I made multiple changes to the sideboard, and so far, I’m really, really pleased with them.
Sidebar: Tell me what you think the best target with Infinite Obliteration is against Four-Color Rally! I’ve been naming Zulaport Cutthroat to great success, but some friends swear I should be naming Nantuko Husk. I want your opinions and reasoning below.
Speaking of Four-Color Rally, Hallowed Moonlight has been great against their Collected Company and Rally the Ancestors. I don’t want more than one against them, because one is usually all you ever need. Combined with your discard like Transgress the Mind and Duress, you can do a pretty good job of suppressing their combo and pressuring them with a Gideon.
Ugin, the Spirit Dragon was a card I’ve been wanting to add for a few weeks, and I finally worked up the nerve to do it. I was worried how it would interact with my other planeswalkers, but there are so many scenarios where you can just win the game on the spot because of it landing that the reward feels like it outweighs the risk. Besides, the last couple of times I’ve cast it I’ve done so with Hangarback Walker and a few Thopters on the battlefield, and it felt like cheating against Abzan Aggro.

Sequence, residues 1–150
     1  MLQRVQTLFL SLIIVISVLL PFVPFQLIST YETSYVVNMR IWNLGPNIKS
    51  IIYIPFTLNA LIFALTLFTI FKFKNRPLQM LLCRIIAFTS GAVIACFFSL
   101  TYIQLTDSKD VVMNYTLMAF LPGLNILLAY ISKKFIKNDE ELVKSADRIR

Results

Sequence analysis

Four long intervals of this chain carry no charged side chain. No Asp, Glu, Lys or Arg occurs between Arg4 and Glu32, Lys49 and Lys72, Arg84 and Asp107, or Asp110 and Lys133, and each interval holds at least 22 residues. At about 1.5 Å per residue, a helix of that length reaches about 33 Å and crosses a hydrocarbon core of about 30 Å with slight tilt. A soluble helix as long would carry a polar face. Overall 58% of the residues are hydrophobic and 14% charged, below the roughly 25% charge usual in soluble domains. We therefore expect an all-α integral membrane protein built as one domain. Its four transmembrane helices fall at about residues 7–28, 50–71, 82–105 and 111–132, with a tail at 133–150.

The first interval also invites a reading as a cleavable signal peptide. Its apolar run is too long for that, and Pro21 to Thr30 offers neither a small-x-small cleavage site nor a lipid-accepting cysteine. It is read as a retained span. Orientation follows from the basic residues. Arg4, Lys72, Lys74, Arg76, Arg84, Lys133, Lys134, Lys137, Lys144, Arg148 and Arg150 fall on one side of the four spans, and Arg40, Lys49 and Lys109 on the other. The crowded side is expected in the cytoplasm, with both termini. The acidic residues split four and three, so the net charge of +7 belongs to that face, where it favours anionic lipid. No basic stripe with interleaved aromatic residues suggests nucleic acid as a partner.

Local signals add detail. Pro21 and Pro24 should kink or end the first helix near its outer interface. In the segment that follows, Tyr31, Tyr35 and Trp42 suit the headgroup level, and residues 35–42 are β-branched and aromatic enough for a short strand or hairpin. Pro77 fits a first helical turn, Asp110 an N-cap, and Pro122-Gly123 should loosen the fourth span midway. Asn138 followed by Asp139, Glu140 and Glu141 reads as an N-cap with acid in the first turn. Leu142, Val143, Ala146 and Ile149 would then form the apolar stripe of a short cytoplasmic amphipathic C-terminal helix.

The second Ob Nixilis Reignited was because of how great the one in the deck has been. Against control decks or other midrange grind-fests I didn’t like Sarkhan very much, but I wanted something for that slot in the curve. So far I’ve been impressed.
The beauty of Mardu Planeswalkers is how interchangeable a lot of the slots are when it comes to sideboarding, which makes the deck incredibly potent in games 2 and 3. A lot of your removal spells that would be bad against Esper Dragons can come out for more hand disruption. The sheer number of cheap disruption spells play very well with Soulfire Grand Master, who can let you start rebuying Duress or Despise as early as turn 5.
With so many powerful tools it boggles my mind that this deck isn’t more played than it is. Is being Mardu Guy a curse?
At this point I’m just tired. I’m tired of running. Tired of fighting. Tired of trying to explain to people why Mardu Planeswalkers is actually one of the best decks in the format that no one is playing.
But where I have failed, you will succeed.
I’m ready to pass the cowl on to the next Mardu Guy.
Will you be the hero Magic deserves or the one that it needs?
Good luck in Vegas.